Posted by Blackmamba 6 months ago
Hi Broadband Watchers.
As TBB results are just a sample size and are an average over 3/6 month on post codes they I feel are showing low results which is a good and fair result for Openreach. As they have updated their data collection future results will close this gap as more tests are made , they are also highlighting the under 10 meg locations which are in the step two programs .
Posted by andrew (Favicon staff member) 6 months ago
@blackmamba I'll forego the usual mistakes and ask What is the step two program?
Posted by TheEulerID 6 months ago
It should (presumably) be possible to analyse the data for step increases provided it's been recorded against a username on the site. It would provide an interesting stat to show what sort of range of increase is being seen. After, of course, the data has been suitably anonymised.

Posted by andrew (Favicon staff member) 6 months ago
Registered users are a self selecting sample of a self selecting sample of a self selecting sample. Plus we operate speed tests for a growing number of other sites which have no registration system.
Posted by Blackmamba 6 months ago
Hi Andrews Staff.
I would class the step Two i(phase 2) in Surrey as the existing money in the OMR pot plus the clawback which will be used to upgrade all lines (500k) to get over 15 meg if possible as long as the money holds up so they hit the target of 99.7 % (15 meg) as quoted at Dorking meeting.
Posted by CarlThomas 6 months ago
You're thinking of steps 3, 4 and 5, BM.
Posted by Blackmamba 6 months ago
Hi Carl.
I did state Surrey area which has two stages and also their deployment was implemented early and was working to a different workload but was over all controlled but the EU regulations.
Posted by CarlThomas 6 months ago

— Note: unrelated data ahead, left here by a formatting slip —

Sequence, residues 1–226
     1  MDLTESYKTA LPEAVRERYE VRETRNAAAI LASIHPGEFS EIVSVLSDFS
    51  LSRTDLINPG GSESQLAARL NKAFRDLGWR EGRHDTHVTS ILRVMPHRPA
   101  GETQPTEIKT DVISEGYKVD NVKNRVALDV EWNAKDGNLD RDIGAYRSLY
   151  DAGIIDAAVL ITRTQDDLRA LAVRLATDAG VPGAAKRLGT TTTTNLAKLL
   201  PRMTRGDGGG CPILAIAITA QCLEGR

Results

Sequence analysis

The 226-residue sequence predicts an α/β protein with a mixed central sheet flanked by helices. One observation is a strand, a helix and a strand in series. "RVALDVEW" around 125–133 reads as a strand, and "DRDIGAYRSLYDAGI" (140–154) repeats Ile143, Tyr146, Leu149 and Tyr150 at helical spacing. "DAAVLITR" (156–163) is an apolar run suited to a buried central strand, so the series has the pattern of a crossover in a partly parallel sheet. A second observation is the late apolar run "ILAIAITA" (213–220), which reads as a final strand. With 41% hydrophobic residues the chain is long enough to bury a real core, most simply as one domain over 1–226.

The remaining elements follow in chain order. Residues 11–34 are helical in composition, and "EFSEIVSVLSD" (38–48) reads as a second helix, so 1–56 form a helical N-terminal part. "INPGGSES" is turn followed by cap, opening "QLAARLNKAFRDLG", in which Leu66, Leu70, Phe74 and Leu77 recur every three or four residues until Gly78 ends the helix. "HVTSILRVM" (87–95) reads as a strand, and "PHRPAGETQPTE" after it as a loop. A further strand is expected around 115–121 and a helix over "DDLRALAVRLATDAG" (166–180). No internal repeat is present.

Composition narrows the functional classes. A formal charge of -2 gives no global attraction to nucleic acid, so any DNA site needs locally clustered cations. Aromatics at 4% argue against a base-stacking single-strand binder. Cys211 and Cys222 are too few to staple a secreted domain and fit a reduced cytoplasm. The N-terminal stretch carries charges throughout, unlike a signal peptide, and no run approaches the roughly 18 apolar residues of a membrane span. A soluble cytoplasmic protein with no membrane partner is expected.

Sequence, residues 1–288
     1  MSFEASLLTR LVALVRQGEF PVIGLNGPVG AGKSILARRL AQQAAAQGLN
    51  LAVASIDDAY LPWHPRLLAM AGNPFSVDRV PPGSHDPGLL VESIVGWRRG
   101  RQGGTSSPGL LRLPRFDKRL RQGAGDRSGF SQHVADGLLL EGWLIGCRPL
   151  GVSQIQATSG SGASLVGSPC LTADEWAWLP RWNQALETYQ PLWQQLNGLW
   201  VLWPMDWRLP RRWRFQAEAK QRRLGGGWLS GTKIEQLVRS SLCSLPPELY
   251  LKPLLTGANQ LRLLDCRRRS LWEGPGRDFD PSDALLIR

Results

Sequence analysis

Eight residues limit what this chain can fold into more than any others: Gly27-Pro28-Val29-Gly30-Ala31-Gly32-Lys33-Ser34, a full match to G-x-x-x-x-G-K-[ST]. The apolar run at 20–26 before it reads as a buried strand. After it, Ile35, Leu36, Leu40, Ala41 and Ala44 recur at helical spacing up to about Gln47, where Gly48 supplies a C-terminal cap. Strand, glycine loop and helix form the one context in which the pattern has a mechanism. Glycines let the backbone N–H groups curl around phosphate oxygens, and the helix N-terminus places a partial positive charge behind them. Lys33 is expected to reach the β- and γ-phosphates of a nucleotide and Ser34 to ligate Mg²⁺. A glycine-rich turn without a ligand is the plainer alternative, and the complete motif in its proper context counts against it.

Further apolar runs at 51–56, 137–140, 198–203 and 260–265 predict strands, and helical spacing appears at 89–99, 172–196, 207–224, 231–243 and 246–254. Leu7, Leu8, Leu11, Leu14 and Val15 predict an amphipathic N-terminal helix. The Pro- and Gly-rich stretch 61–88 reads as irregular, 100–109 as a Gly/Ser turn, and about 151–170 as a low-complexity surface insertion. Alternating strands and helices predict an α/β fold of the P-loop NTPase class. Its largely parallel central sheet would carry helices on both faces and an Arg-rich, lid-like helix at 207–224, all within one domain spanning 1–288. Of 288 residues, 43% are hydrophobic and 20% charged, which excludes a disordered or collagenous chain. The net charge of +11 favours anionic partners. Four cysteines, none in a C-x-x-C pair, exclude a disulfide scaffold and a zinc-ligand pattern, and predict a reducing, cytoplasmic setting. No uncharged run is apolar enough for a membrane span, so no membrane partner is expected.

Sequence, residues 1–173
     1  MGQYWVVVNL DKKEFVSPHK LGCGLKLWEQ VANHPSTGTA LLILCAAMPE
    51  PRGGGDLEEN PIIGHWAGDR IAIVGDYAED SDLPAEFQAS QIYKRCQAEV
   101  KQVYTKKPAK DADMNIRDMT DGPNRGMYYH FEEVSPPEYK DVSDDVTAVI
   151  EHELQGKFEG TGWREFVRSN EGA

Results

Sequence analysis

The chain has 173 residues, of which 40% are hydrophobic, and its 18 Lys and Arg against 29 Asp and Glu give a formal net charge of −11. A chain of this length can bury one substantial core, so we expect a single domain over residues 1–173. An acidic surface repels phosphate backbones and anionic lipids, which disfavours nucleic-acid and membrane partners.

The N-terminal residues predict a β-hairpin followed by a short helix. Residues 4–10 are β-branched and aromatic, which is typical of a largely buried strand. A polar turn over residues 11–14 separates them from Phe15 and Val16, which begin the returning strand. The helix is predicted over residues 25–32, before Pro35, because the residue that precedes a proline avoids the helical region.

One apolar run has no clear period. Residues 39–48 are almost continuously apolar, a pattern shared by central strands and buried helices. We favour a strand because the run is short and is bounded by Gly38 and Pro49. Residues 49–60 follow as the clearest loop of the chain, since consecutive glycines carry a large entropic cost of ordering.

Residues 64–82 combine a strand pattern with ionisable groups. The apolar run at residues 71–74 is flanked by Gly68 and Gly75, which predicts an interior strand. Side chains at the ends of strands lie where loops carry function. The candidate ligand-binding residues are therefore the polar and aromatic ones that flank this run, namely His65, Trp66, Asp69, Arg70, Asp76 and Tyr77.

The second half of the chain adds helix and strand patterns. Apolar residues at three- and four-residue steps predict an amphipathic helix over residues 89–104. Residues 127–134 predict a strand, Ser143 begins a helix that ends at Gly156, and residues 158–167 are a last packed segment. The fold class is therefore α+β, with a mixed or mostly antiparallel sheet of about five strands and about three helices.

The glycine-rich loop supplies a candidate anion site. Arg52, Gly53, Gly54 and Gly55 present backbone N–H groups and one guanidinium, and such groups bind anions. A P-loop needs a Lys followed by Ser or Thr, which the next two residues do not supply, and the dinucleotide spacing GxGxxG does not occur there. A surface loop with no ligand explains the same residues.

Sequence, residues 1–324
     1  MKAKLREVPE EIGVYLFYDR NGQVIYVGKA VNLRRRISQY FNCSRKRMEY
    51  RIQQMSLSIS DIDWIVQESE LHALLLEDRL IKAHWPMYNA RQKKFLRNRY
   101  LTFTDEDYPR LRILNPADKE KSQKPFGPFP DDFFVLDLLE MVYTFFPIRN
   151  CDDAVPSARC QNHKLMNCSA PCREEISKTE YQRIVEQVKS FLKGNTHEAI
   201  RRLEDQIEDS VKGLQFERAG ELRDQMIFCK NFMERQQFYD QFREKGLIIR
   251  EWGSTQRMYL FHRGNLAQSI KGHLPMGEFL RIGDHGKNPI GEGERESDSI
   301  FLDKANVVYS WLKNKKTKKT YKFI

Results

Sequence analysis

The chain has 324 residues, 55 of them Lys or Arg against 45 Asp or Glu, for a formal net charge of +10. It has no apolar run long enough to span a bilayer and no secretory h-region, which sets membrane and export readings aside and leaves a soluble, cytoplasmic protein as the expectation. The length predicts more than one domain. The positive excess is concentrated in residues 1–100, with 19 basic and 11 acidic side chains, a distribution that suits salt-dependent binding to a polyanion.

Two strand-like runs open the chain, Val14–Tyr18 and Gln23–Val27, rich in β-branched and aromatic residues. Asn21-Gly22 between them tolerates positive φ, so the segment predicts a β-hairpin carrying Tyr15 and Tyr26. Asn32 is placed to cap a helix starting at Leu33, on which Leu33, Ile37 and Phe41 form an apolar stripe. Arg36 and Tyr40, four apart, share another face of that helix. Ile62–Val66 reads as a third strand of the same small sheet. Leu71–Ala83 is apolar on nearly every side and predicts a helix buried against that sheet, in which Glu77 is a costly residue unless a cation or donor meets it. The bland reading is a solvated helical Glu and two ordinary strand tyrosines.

Even though you didn't mention it at all I gathered that. You incessantly bang on about Surrey whenever anything even remotely related to BDUK is mentioned here.

Think most readers are more familiar with Surrey's BDUK programme, or at least your view of it, than their own.

At least you have noticed now that Surrey is working differently to other areas, so hopefully aren't going to keep extrapolating it to everywhere else. Surrey is a very different animal from Scotland, East Yorkshire, etc.
Posted by jt2354 6 months ago
West Lothian is not on the list. Scotland divided into Highlands and islands and "Rest of..."?
Posted by andrew (Favicon staff member) 6 months ago
That is because the two different BDUK projects in Scotland are HIE and Rest Of Scotland

More detail as ever at http://labs.thinkbroadband.com/local/index.php?area=S12000040 but no take-up splits. Need to see how the data performs over a another quarter or two.
Posted by Blackmamba 6 months ago
Hi Andrews Staff.
I have just noticed that today's results have been calculated to using two decemial points and it has dropped the under 2 meg by a high % plus giving a better perspective across the country's cabs results.
Posted by silverdove 6 months ago
No Cornwall? No surprise there then!

Just checked my postcode in the hope that Superfast will be here within the next 10 years and got :
"It looks like superfast broadband may not be available in your area yet, but it could be coming to you soon through Government and local authority investment."

Ha Ha - BT just sent me an email "We know you want broadband that moves as fast as you do, so we're upgrading your BT Infinity to speeds of up to 52Mb".

Might take them up on that as my current speed is 1.65mb :-))

What a joke!